I bounded onto the stage ‘Hold your noise!’ and so the plot was underway.
I am never certain as to how well Great Expectations will be received, as it is quite a wordy and heavy show, but I am constantly pleasantly surprised by the reaction, and this occasion proved to be no different, for when I reached the end of the first act there was a loud round of applause and lots of talking, which is always a good sign.
I changed from the rough working Pip into the smart London Pip and then slipped onto the stage to clear various items of costume that get discarded through the first half, as well as a scattered pack of playing cards, and I was ready to go again.
Once again Glyn popped in and once again he disappeared to start the Act 2 voiceover which sets the plot firmly in London, and therefore starts Pip’s second stage of his Expectations.
The second act ran as smoothly as the first and Glyn did a wonderful job with the lighting at the point when Miss Havisham’s dried clothes catch fire and consume her in flame. From there the narrative rushes on towards the end as the various plotlines are resolved. I was very pleased with the show and it was a wonderful way to bring my tour to a close.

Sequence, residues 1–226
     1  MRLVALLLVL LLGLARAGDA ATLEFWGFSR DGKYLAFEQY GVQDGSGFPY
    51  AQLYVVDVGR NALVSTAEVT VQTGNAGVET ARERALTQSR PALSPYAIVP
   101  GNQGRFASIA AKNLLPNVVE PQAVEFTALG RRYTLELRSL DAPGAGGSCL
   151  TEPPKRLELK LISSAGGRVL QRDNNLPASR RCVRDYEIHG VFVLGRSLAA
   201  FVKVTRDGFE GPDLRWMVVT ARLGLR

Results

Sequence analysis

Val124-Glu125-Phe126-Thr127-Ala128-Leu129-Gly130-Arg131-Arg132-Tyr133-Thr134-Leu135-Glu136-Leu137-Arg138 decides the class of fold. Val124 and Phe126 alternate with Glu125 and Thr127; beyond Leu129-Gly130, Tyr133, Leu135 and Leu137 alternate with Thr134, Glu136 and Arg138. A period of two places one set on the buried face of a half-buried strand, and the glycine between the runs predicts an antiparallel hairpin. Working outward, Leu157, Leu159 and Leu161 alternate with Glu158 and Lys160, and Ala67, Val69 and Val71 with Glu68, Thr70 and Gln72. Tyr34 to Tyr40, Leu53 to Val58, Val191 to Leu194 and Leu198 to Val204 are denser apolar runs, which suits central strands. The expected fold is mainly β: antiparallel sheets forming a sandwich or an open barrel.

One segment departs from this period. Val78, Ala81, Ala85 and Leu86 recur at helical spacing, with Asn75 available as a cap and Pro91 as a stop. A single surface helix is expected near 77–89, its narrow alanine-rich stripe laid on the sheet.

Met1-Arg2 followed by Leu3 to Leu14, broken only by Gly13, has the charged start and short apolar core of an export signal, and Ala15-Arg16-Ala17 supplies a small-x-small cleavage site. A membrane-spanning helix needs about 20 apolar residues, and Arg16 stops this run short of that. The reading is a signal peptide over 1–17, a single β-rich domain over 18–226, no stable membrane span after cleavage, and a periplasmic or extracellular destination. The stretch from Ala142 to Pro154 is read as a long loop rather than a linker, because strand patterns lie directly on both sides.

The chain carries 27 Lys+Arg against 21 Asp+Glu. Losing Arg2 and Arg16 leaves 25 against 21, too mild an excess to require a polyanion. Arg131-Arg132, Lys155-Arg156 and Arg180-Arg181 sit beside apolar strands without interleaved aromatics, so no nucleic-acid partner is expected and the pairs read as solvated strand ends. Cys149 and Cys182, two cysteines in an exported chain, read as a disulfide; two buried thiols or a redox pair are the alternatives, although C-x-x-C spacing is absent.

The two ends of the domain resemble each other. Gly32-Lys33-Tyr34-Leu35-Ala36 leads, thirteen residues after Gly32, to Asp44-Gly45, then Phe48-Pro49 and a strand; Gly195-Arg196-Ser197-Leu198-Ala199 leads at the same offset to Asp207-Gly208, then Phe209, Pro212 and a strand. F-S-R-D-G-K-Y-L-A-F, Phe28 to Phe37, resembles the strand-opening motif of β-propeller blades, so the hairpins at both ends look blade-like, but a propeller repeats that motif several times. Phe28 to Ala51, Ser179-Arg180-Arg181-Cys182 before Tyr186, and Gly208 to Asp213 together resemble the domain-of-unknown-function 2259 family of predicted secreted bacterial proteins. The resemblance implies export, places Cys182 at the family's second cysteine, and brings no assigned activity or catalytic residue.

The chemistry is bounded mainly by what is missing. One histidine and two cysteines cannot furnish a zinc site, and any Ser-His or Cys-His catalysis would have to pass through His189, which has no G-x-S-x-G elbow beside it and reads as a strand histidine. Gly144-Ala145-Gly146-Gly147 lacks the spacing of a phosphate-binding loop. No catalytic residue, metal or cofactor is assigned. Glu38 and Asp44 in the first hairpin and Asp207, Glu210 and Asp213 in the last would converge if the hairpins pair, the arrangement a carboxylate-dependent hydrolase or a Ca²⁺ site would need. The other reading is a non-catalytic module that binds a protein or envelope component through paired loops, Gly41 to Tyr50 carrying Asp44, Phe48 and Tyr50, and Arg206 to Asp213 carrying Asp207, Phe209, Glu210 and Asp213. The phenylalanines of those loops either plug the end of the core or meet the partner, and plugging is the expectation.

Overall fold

When the audience had left I loaded the car up once more, said my goodbyes and set off for the drive home. Usually after a show I stay at a hotel close by, meaning that I do not run the risk of falling asleep at the wheel on my way home, for once the adrenaline generated by the thrill of performance subsides, fatigue comes quickly, but on this occasion I wanted to get home so as to be able to watch our daughters’ school sports day the next morning.
The drive was about 90 minutes, and sure enough I did feel drowsy as I drove on, but plenty of water and a few sweets kept me going until I pulled up outside my front door at around 11.30.
It has been an exciting couple of months and I have been fortunate to perform in a marvellous variety of venues, from a tiny yurt in Rochester to the splendour of Wentworth Woodhouse.. The audiences have been plentiful, amazingly supportive and enthusiastic. I have performed for old friends as well as a number of new venues all of which I hope will become a regular part of my travels in the future.